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" Secondly, for the advocates and counsel that plead ; patience and gravity of hearing is an essential part of justice ; and an over-speaking judge is no well-tuned cymbal. It is no grace to a judge, first to find that which he might have heard in due time... "
Auntient lere, a selection of aphoristical and preceptive passages from the ... - Page 171
by Ancient learning - 1812
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Moral, Economical, and Political Essays

Francis Bacon - 1833 - 216 pages
...the example, but a merciful eye upon the person. Secondly, for the advocates and counsel that plead. Patience and gravity of hearing is an essential part...that which he might have heard in due time from the ba.- ; or to show quickness of conceit in cutting off evidence or counsel too short, or to prevent...
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The Works of Francis Bacon, Lord Chancellor of England: A New Edition:

Francis Bacon, Basil Montagu - 1834
...him be rejected with shame; venderejure potest, emerat illeprivs. See ante, p. clxxvi. (fc) It being no grace to a judge, first to find that which he might hare heard in due time from the bar ; or to show quickness of conceit in cutting off evidence or counsel...
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The Works of Lord Bacon: With an Introductory Essay, Volume 1

Francis Bacon - 1838 - 832 pages
...the example, but a merciful eye upon the person. Secondly, for the advocates and counsel that plead: patience and gravity of hearing is an essential part...might have heard in due time from the bar ; or to show quickness of conceit in cutting off evidence or counsel too short ; or to prevent information...
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The Works of Lord Bacon: With an Introductory Essay, Volume 1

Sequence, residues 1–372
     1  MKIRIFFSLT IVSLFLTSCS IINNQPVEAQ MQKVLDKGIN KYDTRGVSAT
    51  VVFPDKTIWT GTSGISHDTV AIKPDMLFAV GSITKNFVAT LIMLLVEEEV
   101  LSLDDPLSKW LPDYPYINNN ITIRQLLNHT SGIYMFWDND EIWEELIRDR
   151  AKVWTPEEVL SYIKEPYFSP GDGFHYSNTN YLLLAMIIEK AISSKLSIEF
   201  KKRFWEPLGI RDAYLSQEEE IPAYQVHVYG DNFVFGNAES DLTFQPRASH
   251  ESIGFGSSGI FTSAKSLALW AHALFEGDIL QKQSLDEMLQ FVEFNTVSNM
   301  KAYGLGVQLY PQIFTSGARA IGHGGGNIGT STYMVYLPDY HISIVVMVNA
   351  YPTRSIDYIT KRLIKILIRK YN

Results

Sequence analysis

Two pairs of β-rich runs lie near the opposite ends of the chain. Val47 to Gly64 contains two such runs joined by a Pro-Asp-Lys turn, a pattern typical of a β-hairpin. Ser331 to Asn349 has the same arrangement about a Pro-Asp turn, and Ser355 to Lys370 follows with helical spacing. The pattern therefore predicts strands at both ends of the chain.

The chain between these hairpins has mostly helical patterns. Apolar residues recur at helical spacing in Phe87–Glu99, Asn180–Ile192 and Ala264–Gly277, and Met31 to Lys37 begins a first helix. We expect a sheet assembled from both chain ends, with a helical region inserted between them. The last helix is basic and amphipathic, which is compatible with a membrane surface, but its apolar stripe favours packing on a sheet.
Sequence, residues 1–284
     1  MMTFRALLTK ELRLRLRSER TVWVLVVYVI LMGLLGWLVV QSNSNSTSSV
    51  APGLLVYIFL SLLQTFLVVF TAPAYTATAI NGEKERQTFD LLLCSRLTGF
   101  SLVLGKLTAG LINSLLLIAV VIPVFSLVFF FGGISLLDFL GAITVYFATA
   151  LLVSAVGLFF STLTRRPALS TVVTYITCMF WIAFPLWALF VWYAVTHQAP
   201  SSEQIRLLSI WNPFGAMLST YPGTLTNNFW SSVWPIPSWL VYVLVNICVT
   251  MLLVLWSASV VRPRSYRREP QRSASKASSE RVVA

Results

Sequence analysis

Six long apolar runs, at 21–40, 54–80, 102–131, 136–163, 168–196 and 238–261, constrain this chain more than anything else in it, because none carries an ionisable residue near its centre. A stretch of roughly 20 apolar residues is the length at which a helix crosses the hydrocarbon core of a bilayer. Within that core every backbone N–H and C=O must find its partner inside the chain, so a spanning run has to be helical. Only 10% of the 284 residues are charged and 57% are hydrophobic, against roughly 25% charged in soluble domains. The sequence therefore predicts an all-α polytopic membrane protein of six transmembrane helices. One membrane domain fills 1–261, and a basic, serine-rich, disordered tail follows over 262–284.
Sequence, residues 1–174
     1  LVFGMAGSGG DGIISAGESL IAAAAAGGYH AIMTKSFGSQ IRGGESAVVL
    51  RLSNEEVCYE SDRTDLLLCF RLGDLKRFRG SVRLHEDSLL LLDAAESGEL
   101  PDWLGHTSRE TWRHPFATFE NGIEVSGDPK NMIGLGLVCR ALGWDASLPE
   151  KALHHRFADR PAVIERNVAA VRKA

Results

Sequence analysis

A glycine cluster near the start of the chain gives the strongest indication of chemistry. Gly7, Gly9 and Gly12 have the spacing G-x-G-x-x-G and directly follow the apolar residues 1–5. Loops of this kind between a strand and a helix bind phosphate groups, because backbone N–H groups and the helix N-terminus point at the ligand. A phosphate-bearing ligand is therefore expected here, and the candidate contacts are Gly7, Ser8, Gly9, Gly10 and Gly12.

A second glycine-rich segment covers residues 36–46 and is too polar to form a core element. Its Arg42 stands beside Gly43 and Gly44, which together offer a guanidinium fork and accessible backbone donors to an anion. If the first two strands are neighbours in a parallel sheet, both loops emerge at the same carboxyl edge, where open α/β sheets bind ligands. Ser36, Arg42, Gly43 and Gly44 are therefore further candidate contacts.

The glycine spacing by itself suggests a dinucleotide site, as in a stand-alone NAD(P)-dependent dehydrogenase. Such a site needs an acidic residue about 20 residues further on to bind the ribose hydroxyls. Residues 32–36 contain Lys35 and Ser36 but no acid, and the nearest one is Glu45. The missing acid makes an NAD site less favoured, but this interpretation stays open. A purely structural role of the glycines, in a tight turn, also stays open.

Francis Bacon - 1838
...the example, but a merciful eye upon the person. Secondly, for the advocates and counsel that plead: patience and gravity of hearing is an essential part...It is no grace to a judge, first to find that which lie might have heard in due time from the bar ; or to show quickness of conceit in cutting off evidence...
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Essays; or, Counsels civil and moral, and the two books Of the proficience ...

Francis Bacon (visct. St. Albans.) - 1840
...the example' but a merciful eye upon the person. Secondly, for the advocates and counsel that plead. Patience and gravity of hearing is an essential part...he might have heard in due time from the bar; or to show quickness of conceit in cutting off evidence or counsel too short or to prevent information by...
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Blackwood's Edinburgh Magazine, Volume 48

1840
...ought to be more learned than witty ; more reverend than plausible; and more advised than confident. It is no grace to a judge first to find that which...might have heard in due time from the bar ; or to show quickness of conceit, in cutting off evidence, or counsel too short, or to prevent information...
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The Museum of Foreign Literature, Science, and Art, Volume 39

Robert Walsh, Eliakim Littell, John Jay Smith - 1840
...judicial office drawn by the most illustrious of philosophers. " Patience and gravity of bearing are an essential part of justice; and an over-speaking judge is no well-tuned cymbal. Judges ought to be more learned than witty; rnnre reverend than plausible; and more advised than conkl"nl....
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Blackwood's Edinburgh Magazine, Volume 48

1840
...judicial office drawn by the most illustrious of philosophers. «• Patience and gravity of bearing, are an essential part of justice; and an over-speaking judge is no well-tuned cymbal. Judges ought to be more ¡earned than witty ; more reverend than plausible ; and more advised than...
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Ten Thousand a Year, Volume 2

Samuel Warren - 1841
...ought to be more learned than witty ; more reverend than plausible ; and more advised than confident. It is no grace to a judge first to find that which...might have heard in due time from the bar ; or to show quickness of conceit, in cutting off evidence or counsel too short, or to prevent information...
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Ten Thousand A-year, Volume 1

Samuel Warren - 1842 - 4 pages
...judicial office drawn by the most illustrious of philosophers. "Patience and gravity of bearing are an essential part of justice; and an over-speaking judge is no well-tuned cymbal. Judges ought to be more learned than witty ; more reverend than plausible ; and more advised than confident....
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